Pantheon was among a handful of private equity firms last month to sign HM Treasury’s Women in Finance Charter, a document committing financial services firms to building gender diversity in senior positions.
Thirty-three companies, including two other PE firms – Earth Capital Partners and Graphite Capital – signed on November 20, bringing the total number of signatories to 300.
Firms that sign the charter are asked to implement four key industry actions: designate one member of their senior executive team to be responsible and accountable for gender diversity and inclusion; set internal targets for gender diversity in senior management; publish progress annually against those targets in reports on their website; and have an intention to ensure the pay of the senior executive team is linked to delivery against these targets.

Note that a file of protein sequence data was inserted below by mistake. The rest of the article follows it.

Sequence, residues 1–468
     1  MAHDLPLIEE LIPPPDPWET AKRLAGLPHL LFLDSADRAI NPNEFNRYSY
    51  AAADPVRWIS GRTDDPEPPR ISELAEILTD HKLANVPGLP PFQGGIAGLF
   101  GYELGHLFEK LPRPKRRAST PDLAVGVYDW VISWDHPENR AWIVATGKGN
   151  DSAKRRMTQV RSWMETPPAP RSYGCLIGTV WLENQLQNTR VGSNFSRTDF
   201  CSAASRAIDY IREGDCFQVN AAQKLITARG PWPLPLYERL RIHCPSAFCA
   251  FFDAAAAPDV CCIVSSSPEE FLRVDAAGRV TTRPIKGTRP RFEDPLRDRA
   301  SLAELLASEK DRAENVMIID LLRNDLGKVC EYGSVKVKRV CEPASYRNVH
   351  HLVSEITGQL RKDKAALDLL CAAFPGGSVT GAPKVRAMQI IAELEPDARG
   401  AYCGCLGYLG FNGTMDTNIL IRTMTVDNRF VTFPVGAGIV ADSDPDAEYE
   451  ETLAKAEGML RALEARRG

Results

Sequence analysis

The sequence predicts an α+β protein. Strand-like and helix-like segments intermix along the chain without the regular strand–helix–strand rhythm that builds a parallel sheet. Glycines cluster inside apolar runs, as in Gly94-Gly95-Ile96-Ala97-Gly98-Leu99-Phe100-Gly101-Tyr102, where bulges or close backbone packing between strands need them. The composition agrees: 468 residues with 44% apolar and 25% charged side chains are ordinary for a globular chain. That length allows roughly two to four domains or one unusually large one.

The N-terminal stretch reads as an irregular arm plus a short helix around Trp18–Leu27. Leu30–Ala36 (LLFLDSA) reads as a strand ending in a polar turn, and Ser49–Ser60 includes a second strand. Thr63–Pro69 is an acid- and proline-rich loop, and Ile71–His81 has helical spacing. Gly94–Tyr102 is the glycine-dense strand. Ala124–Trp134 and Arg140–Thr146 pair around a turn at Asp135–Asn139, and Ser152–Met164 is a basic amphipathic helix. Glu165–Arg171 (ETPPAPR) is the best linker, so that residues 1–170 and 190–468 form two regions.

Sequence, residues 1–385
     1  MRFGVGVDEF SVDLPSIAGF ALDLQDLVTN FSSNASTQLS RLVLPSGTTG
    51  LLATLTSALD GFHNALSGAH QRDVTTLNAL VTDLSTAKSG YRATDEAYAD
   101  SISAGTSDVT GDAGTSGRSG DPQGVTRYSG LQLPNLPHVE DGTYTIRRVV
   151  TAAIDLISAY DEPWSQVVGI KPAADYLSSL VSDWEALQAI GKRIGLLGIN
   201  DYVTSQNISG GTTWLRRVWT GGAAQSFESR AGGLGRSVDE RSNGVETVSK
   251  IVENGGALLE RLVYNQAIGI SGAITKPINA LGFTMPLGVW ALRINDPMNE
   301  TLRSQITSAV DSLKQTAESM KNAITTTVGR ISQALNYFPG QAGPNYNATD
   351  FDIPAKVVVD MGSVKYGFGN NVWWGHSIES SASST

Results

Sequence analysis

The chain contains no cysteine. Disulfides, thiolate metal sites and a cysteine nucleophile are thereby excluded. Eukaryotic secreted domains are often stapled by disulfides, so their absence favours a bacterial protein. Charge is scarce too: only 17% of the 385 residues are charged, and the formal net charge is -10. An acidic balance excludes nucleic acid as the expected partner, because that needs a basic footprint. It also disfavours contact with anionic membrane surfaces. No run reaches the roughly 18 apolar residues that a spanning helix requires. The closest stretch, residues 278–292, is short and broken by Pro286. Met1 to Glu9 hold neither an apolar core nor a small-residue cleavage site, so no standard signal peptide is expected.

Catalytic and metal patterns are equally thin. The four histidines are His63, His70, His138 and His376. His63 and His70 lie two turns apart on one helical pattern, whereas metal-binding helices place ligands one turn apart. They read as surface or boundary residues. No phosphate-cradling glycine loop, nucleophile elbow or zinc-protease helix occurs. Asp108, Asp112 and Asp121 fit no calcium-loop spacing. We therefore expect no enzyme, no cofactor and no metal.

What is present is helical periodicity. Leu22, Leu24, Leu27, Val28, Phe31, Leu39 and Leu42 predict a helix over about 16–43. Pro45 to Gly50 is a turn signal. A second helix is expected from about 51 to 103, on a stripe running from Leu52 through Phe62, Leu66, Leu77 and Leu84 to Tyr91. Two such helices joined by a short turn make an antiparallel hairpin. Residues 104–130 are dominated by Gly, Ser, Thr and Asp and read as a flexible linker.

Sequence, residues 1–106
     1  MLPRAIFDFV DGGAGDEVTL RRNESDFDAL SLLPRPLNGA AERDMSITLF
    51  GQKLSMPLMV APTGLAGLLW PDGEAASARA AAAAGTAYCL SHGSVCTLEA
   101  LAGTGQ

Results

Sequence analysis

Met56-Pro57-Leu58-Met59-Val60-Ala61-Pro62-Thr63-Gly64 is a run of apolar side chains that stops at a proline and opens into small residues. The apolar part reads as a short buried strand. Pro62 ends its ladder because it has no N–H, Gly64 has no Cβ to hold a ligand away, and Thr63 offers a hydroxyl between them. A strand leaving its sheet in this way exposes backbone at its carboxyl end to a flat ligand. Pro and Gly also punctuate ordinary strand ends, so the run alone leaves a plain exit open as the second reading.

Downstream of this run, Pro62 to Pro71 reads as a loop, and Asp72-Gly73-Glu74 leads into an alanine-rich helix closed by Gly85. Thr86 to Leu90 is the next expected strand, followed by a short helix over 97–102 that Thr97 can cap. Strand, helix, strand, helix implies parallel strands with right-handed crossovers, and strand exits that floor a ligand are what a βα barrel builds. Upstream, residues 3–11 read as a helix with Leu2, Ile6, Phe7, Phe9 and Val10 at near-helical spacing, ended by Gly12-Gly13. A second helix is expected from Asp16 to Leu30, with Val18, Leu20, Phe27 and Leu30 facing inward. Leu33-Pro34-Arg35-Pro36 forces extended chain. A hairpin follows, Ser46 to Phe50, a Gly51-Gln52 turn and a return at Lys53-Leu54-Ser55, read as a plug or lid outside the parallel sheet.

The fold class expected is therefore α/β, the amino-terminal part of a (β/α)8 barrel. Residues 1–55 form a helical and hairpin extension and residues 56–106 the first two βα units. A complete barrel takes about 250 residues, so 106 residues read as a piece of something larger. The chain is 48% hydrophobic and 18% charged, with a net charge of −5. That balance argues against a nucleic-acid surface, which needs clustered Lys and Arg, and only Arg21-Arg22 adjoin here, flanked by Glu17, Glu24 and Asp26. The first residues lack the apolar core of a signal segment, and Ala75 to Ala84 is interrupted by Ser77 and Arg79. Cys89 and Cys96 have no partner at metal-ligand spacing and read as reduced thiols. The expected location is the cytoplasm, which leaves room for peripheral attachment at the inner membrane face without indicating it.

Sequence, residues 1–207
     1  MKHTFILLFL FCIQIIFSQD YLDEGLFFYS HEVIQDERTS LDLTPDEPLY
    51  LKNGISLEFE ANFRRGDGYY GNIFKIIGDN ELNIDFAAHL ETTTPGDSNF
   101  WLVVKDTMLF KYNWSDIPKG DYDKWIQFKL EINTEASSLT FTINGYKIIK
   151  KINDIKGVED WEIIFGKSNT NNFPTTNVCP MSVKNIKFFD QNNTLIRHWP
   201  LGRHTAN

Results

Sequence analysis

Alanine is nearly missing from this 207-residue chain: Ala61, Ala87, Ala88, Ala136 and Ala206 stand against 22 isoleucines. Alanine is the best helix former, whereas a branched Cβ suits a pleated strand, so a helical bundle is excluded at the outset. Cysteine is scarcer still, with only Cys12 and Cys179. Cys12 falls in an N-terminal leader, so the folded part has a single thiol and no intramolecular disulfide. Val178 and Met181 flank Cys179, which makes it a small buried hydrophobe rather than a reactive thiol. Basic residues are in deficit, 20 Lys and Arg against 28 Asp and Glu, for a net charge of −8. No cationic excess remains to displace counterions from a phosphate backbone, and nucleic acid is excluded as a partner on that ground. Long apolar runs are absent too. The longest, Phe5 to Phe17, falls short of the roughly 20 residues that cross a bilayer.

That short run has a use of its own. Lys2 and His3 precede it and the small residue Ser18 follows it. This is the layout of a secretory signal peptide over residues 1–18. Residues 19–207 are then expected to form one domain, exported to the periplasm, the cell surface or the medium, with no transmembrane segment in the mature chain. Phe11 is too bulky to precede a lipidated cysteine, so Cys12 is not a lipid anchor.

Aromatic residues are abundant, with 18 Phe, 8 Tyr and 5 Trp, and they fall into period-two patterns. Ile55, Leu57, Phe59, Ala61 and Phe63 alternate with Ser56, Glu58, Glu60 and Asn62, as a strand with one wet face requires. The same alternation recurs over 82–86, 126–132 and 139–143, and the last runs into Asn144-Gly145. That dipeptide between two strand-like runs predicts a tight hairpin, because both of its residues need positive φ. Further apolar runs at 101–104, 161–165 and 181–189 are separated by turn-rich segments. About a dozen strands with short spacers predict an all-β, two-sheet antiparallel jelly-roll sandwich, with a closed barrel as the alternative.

Pantheon has regularly published gender diversity data since January 2016.
“Firms who are committed to building diverse teams and which are true believers in the value of fostering an inclusive culture should consider signing in my view,” Paul Ward, managing partner at Pantheon, told pfm. “We believe it sends a strong signal to our team and to our clients and stakeholders that we embrace diversity as a business priority and that we are willing to hold ourselves to a publicly stated standard.”
Private equity firms have signaled a greater dedication to diversity in recent months. In October, Carlyle Group appointed Kara Helander to the newly-created position of chief diversity officer, pfm reported.
Meanwhile, membership in advocacy group Level 20, founded in 2015 with the goal of increasing the proportion of women in senior roles across the European private equity industry to 20 percent by 2020, has grown to more than 1,800.
A report by the BVCA and Level 20 released in May, which surveyed 179 private equity firms representing around 5,000 employees, found that just 6 percent of senior investment team roles are held by women.
Women comprise only 29 percent of the private equity workforce, compared to 48 percent of the wider UK labor force.